A member of the Islamist Syrian opposition group Ahrar al-Sham fires against a position of the Committees for the Protection of the Kurdish People (YPG), a militia set up to protect Kurdish areas in Syria from opposing forces, during clashes in the countryside of the northern Syrian Raqqa province on August 25, 2013. (Photo credit should read ALICE Martins/AFP/Getty Images)
WASHINGTON (USA TODAY)
-- Rebels fighting Bashar Assad's regime in Syria would almost certainly
try to capitalize on a Western attack aimed at Assad's military,
potentially giving a boost to radical groups among the opposition,
military analysts said.
The Obama administration hopes to limit
the objectives of an attack to send a message to Assad without toppling
the regime and plunging the country into chaos. Rebel reaction injects a
critical element of uncertainty into administration plans.
attack is going to weaken the regime," said Mustafa Alani, a security
analyst at the Gulf Research Center based in Geneva. He said rebels
would be able to capitalize on a U.S. attack.
"The regime is already overstretched," Alani said. "They are fighting on a hundred fronts."
analysts and rebels point out that a limited attack at high-level
military and regime targets would not dramatically affect the balance of
power on the ground. Such an attack would probably not hit Syrian
military targets in the field but would be limited to high-level
A short attack would have limited benefit, said
Khalid Saleh, a spokesman for a coalition of opposition groups. "Free
Syrian Army commanders are trying to study all different possibilities,"
Rebel groups could capitalize on a sustained attack that significantly weakened Syrian military capabilities, Saleh said.
Assad's military defenses are seriously degraded, an opposition
breakthrough could follow," said Aron Lund, a Swedish researcher who
recently wrote about the opposition for a journal produced by the
Combating Terrorism Center at West Point. "But right now, President
Obama seems to be aiming for a more limited action."
One ray of hope for rebels is a strike could severely cripple Assad's 4th
Armored Division, a loyal unit around Damascus that rebels accused of a
chemical attack Aug. 21. "You could weaken the core of the regime's
military force," Alani said.
Saleh said the threat of a strike has
led to some defections among Syrian military officers. Alani said even a
symbolic strike would help move Syrian military officers who are are
hedging their bets.
"It is going to encourage dissent within the regime," Alani said. "A good part of the armed forces is sitting on the fences."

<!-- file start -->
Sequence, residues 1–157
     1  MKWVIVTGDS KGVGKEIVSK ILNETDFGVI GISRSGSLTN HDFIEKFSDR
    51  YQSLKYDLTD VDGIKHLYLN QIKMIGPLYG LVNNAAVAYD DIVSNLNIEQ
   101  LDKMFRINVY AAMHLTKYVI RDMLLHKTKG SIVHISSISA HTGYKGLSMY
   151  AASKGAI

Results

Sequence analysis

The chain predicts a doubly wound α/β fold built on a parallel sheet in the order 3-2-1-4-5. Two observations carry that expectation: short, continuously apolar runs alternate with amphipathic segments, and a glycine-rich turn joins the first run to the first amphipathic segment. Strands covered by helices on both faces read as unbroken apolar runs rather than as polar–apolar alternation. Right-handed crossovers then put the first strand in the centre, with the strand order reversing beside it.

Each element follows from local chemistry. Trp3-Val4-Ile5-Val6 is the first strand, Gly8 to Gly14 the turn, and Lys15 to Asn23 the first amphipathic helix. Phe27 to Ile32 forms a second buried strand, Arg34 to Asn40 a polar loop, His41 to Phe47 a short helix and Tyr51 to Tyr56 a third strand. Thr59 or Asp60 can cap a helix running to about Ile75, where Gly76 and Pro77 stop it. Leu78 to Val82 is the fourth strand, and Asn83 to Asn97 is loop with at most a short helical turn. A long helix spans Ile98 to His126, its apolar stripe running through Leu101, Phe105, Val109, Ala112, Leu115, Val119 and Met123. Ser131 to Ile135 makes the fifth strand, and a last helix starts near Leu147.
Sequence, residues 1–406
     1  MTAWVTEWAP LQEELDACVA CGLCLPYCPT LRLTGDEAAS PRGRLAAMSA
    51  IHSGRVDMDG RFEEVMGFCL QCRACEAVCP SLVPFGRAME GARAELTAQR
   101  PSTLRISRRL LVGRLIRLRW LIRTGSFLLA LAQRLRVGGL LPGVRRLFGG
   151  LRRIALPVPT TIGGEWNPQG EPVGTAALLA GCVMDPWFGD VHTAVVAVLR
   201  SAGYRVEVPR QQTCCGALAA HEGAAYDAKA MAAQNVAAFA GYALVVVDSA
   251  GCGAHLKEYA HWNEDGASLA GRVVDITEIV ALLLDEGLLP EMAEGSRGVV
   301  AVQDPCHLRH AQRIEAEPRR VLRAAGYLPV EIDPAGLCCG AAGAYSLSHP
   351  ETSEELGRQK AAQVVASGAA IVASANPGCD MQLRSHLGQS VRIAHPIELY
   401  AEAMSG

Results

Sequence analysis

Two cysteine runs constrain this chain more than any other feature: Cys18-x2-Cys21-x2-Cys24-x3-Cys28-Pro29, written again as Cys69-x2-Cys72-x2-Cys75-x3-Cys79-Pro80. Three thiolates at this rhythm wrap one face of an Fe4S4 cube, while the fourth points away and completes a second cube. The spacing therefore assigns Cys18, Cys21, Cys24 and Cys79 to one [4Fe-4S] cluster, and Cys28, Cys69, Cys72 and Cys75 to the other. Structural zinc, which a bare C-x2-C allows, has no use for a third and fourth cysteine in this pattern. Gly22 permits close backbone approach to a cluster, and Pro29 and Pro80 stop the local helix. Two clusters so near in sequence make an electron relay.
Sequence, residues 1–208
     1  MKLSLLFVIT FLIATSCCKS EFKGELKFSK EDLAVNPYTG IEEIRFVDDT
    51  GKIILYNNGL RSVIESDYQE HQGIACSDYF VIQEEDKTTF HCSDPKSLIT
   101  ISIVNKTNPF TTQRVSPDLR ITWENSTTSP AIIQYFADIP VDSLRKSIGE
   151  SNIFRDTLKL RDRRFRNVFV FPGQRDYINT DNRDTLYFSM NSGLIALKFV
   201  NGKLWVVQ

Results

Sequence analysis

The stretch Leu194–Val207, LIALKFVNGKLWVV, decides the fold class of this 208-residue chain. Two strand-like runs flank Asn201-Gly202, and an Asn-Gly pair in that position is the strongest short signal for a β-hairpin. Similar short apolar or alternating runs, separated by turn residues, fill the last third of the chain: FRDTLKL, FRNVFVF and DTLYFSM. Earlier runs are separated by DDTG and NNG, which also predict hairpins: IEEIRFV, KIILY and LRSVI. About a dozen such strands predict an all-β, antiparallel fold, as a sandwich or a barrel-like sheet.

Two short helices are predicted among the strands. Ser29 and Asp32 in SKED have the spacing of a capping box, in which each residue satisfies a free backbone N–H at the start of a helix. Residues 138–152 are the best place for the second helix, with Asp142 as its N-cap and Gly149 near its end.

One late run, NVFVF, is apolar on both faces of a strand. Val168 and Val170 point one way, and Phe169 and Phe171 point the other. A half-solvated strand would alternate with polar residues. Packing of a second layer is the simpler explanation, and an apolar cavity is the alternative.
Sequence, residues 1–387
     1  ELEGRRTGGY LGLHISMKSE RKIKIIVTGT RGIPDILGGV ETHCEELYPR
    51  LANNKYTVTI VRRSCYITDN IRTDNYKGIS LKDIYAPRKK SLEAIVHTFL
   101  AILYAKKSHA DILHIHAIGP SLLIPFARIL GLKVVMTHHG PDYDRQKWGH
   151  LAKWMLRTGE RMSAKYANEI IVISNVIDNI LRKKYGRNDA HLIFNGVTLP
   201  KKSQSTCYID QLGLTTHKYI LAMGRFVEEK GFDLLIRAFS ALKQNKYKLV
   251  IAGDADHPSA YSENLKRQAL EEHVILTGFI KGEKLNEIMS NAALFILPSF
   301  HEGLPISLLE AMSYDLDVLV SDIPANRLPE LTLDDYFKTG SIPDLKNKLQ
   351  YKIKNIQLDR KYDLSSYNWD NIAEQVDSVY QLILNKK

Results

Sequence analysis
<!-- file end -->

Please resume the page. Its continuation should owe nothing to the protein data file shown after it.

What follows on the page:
A danger for the United States is the hard-line groups among the opposition, who would benefit from any U.S. attack.
rebel progress on the battlefield has been the result of rebel forces
joining with hard-line Islamists, said Joshua Landis, director of the
Center for Middle East Studies at the University of Oklahoma.
achieved a key victory this month when they captured Mannagh air base
near Allepo. The rebel breakthrough happened when opposition forces
linked up with a hard-line group and used a Saudi suicide bomber to
breach the gate, Landis said.
"This is a lesson in why the U.S. doesn't want to change the balance of power," Landis said.
Martin Dempsey, chairman of the Joint Chiefs of Staff, expressed a
similar concern when he wrote a letter last month outlining possible
military options in Syria.
"Should the regime's institutions
collapse in the absence of a viable opposition, we could inadvertently
empower extremists or unleash the very chemical weapons we seek to
control," Dempsey wrote.
International efforts to build a moderate
opposition have not worked, leaving the Pentagon without a reliable
partner capable of governing if Assad is ousted.
"Syria today is
not about choosing between two sides but rather about choosing one among
many sides," Dempsey wrote in a separate letter to Rep. Eliot Engel,
The Pentagon estimates there are 800 to 1,200 rebel groups operating in Syria.
United States has provided aid to some of the groups, but analysts say
it will probably not attempt to coordinate with them during an attack.
don't think the administration is even thinking in that direction,"
said Reuel Marc Gerecht, a former CIA case officer and senior fellow at
the Foundation for the Defense of Democracies.
Jim Michaels, USA TODAY